This would seem to indicate that, at a certain point, spending more money on players dramatically decreases in its effectiveness.

So What Does This Mean for Next Year?

So, for one last table, let’s compare this year’s purchased wins to the ZiPs Projections for wins, which takes into account the projected statistics for each player and then calculates the expected number of wins based on its roster.1

Team

2014 Opening Day Payroll

Purchased Wins

ZiPs Projections

Difference

Los Angeles Dodgers

$235,295,219

166

90

-76

New York Yankees

$203,812,506

143

82

-61

Philadelphia Phillies

$180,052,723

127

75

-52

Boston Red Sox

$162,817,411

115

86

-29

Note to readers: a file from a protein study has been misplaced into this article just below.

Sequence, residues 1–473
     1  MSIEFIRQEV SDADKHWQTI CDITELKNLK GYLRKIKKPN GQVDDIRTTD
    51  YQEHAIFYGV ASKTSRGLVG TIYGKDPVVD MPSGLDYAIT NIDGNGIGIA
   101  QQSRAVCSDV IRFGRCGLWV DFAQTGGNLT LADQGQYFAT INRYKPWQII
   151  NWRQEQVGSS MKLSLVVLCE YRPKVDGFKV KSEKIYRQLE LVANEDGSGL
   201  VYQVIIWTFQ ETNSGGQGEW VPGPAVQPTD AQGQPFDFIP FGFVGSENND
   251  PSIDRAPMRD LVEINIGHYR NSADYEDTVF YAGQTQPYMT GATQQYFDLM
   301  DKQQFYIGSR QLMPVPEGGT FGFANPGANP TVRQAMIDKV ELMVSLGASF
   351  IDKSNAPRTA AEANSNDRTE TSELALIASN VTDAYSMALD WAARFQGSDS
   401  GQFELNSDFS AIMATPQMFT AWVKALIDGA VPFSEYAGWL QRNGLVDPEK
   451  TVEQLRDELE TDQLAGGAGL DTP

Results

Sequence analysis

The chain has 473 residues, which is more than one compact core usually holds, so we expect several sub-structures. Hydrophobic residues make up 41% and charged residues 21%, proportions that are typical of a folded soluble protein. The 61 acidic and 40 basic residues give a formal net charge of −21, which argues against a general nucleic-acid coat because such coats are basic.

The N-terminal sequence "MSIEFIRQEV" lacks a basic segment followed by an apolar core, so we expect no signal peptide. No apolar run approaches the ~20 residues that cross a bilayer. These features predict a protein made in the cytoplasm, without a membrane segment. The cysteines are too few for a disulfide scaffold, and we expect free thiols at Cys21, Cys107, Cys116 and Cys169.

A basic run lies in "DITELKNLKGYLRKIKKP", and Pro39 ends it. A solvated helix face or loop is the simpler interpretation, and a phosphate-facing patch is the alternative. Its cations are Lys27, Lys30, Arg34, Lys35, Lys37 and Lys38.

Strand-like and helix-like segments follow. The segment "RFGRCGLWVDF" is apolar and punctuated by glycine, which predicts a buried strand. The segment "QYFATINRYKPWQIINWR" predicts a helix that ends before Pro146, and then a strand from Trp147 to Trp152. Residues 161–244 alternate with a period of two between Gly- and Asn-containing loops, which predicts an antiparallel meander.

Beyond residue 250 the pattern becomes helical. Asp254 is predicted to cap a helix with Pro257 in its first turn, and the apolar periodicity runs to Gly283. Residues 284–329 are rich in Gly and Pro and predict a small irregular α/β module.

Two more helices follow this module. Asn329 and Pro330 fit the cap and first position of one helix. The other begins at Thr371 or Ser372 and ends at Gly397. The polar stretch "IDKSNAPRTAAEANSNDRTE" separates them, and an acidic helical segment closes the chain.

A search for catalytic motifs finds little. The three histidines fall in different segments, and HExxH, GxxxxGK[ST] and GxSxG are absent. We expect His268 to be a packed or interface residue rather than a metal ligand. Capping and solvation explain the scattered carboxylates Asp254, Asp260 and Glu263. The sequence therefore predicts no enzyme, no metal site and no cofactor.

Detroit Tigers

$162,228,527

114

88

-26

Los Angeles Angels

$155,692,000

110

84

-26

San Francisco Giants

$154,185,878

108

86

-22

Texas Rangers

$136,036,172

96

85

-11

Washington Nationals

$134,704,437

95

90

-5

Toronto Blue Jays

$132,628,700

93

81

-12

Arizona Diamondbacks

$112,688,666

79

79

0

Cincinnati Reds

$112,390,772

79

79

0

St. Louis Cardinals

$111,020,360

78

88

10

Atlanta Braves

$110,897,341

78

83

5

Baltimore Orioles

$107,406,623

76

78

2

Milwaukee Brewers

$103,844,806

73

81

8

Colorado Rockies

$95,832,071

67

81

14

Seattle Mariners

$92,081,943

65

83

18

Kansas City Royals

$92,034,345

65

80

15

Chicago White Sox

$91,159,254

64

75

11

San Diego Padres

$90,094,196

63

80

17

NY Mets

$89,051,758

63

74

11

Chicago Cubs

$89,007,857

63

74

11

Minnesota Twins

$85,776,500

60

69

9

Oakland A's

$83,401,400

59

86

27

Cleveland Indians

$82,534,800

58

82

24

Pittsburgh Pirates

$78,111,667

55

85

30

Tampa Bay Rays

$77,062,891

54

86

32

Miami Marlins

$47,565,400

33

75

42

Houston Astros

$44,544,174

31

67

36